What is your definition of the best design?
The best design is the one that was driven by data and brings in the most money. Creativity is important, and an essential part of web designing but the decision should be taken on the basis of data.
Why design is important? Humans process visuals 50 times faster than copy, and we are quick to judge. Period.
Design affects the trust scale too. If you a poorly design website, visitors would instantly doubt your authenticity within milliseconds.
Let’s talk about a few critical, & objective aspects of design.
People Judge Websites In Less Than 50 Milliseconds
Humans make snap judgments when they meet a new person; websites are judged similarly!
As per the research conducted by Gitte Lindgaard, Gary Fernandes, Cathy Dudek & J. Brown. It was concluded that it takes about 50 milliseconds for visitors to form an opinion about your website.
As per the research conducted by Google, visitors develop opinions even within 17 ms (though the effect was less pronounced on some design factors).
The first impression depends on multiple factors, some of them are:
- Amount of Text
First Impressions Are 94% Design-related
As stated earlier, the design drives trust.
There have been multiple studies, that concluded that design elements have the biggest influences on first impressions, including logo, main images, colors & the navigation menu.
Human minds process visuals 50 times faster than the copy.
Inspiration Drives Better First Impressions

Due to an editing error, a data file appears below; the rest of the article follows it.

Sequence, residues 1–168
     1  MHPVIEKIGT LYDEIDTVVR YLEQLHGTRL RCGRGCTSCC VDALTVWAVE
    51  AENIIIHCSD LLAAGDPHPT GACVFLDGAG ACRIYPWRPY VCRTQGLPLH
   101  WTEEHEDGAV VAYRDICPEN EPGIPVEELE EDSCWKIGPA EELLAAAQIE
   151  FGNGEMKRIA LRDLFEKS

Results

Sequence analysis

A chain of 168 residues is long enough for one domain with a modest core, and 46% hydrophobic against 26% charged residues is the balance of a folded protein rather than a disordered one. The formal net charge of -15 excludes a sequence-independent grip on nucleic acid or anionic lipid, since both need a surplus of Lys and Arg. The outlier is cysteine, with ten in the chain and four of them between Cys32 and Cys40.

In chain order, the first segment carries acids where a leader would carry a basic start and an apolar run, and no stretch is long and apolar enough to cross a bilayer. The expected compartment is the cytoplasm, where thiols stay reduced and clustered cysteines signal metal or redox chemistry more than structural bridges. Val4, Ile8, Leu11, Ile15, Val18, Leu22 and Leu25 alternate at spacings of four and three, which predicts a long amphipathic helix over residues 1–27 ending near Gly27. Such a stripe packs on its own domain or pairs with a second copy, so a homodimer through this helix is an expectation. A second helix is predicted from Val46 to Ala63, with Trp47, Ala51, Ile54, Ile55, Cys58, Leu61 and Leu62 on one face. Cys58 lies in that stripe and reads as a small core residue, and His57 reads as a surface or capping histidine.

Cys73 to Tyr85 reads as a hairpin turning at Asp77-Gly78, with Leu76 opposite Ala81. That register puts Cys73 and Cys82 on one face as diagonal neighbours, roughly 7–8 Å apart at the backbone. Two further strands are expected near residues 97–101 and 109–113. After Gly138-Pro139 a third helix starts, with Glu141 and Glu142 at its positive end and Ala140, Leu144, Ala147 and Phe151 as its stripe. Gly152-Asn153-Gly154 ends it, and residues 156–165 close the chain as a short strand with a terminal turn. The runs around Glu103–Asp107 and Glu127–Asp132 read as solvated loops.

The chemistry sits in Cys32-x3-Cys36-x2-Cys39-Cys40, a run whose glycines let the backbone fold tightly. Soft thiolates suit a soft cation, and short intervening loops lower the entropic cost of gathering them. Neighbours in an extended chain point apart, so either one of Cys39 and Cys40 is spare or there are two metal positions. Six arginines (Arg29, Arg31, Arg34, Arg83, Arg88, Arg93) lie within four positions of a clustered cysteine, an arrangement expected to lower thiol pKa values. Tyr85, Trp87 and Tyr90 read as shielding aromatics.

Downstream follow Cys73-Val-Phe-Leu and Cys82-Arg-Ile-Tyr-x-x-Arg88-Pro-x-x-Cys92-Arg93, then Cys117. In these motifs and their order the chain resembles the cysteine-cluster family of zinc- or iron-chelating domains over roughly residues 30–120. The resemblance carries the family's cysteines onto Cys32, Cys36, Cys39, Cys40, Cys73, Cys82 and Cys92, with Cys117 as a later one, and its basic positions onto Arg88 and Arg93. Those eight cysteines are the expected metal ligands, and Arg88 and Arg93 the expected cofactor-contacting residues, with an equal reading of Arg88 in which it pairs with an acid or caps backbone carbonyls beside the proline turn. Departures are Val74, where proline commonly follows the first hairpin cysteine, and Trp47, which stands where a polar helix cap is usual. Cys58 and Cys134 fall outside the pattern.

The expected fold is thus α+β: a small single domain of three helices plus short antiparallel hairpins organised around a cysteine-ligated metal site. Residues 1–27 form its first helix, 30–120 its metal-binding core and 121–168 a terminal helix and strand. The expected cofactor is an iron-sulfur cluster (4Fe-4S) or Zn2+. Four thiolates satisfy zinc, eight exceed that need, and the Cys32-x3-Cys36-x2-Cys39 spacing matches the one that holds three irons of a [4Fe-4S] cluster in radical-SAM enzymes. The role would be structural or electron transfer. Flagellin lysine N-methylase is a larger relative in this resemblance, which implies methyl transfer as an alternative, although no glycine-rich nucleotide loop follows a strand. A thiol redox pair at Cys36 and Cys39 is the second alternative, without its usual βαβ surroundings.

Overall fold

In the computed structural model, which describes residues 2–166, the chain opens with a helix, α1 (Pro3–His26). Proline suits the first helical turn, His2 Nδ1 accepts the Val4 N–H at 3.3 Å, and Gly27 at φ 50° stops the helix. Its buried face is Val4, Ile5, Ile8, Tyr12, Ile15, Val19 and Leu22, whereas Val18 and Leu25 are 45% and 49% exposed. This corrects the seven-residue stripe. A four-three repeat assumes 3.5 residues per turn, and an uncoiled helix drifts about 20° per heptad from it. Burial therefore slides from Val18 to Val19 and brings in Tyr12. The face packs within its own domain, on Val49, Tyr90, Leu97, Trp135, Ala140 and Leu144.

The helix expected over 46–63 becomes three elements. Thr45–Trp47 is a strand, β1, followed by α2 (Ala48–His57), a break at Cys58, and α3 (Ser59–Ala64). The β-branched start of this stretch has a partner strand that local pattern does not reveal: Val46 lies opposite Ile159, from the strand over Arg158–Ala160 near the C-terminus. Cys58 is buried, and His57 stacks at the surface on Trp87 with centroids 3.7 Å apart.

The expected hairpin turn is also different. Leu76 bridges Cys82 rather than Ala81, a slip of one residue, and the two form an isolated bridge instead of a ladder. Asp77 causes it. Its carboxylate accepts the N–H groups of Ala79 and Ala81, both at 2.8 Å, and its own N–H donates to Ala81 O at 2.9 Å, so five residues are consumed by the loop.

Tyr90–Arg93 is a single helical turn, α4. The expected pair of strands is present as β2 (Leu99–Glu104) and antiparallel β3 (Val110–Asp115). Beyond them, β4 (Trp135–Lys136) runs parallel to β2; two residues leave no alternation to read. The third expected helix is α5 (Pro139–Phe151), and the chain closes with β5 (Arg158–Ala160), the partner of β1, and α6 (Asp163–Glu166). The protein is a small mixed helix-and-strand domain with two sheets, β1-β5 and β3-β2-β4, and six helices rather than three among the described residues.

Impression-related impressions have a greater impact on the first-impression formation, followed by usability. Visual appealing stimuli are an important tool for getting visitors to stay on your website.
If you are a tour operating website, using larger than life photography would really increase the gains.
Have a look at the Active Adventures website, as they know how to capture people when they feel most inspired.
Two Key Ingredients Of Web Design People Like: Simplicity And Prototypicality
Simplicity: As per a study by Google, in 2012, researchers found that simpler & familiar design is better, as compared to visually complex websites.
The simpler design promotes less noise, which means fewer distractions. Simplicity is about focus & clarity of the purpose that should make the visitors instantly understand what’s going on, leading to the singular goal of the page.
Prototypicality: The human mind creates a template of everything that it interacts with. When we put the same phenomenon on websites, the human mind creates a blueprint of how a SaaS website, blog, or e-commerce site should look like.
If you change the design too much in the pursuit of innovation, it might backfire.
Stop Arguing Over Opinions. Data-driven Design Is The Way: Measurable Approach To Better Design
If it can be measured, it can be improved.
There are several tools that let you assess your design, measure the clicks, and analyze the funnel. How long they stay, and what errors & issues make them leave the website.
The whole point of data-driven design is to use the data to identify what’s working and what’s not, and to improve productivity.
So, are you ready to implement some of the above best practices for the conversion rate optimization that we discussed?